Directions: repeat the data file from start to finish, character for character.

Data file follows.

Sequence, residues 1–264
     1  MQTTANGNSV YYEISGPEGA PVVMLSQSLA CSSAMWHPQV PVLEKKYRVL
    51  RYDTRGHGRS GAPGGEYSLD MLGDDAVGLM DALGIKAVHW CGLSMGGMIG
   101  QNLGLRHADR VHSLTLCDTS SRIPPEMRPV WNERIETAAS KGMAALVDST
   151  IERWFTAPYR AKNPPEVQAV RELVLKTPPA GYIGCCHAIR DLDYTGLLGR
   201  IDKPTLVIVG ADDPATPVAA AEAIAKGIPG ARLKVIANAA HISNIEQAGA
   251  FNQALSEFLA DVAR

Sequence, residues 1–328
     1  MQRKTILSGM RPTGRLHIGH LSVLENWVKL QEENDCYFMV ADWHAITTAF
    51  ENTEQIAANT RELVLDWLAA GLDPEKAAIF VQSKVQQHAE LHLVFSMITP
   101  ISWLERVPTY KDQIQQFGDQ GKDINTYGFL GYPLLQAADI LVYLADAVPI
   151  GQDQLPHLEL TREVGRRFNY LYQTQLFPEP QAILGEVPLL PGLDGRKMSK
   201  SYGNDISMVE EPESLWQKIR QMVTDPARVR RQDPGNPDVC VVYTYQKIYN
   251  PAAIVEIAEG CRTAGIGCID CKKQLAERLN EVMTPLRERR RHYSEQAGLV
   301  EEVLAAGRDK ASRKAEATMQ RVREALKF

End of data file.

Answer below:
Sequence, residues 1–264
     1  MQTTANGNSV YYEISGPEGA PVVMLSQSLA CSSAMWHPQV PVLEKKYRVL
    51  RYDTRGHGRS GAPGGEYSLD MLGDDAVGLM DALGIKAVHW CGLSMGGMIG
   101  QNLGLRHADR VHSLTLCDTS SRIPPEMRPV WNERIETAAS KGMAALVDST
   151  IERWFTAPYR AKNPPEVQAV RELVLKTPPA GYIGCCHAIR DLDYTGLLGR
   201  IDKPTLVIVG ADDPATPVAA AEAIAKGIPG ARLKVIANAA HISNIEQAGA
   251  FNQALSEFLA DVAR

Sequence, residues 1–328
     1  MQRKTILSGM RPTGRLHIGH LSVLENWVKL QEENDCYFMV ADWHAITTAF
    51  ENTEQIAANT RELVLDWLAA GLDPEKAAIF VQSKVQQHAE LHLVFSMITP
   101  ISWLERVPTY KDQIQQFGDQ GKDINTYGFL GYPLLQAADI LVYLADAVPI
   151  GQDQLPHLEL TREVGRRFNY LYQTQLFPEP QAILGEVPLL PGLDGRKMSK
   201  SYGNDISMVE EPESLWQKIR QMVTDPARVR RQDPGNPDVC VVYTYQKIYN
   251  PAAIVEIAEG CRTAGIGCID CKKQLAERLN EVMTPLRERR RHYSEQAGLV
   301  EEVLAAGRDK ASRKAEATMQ RVREALKF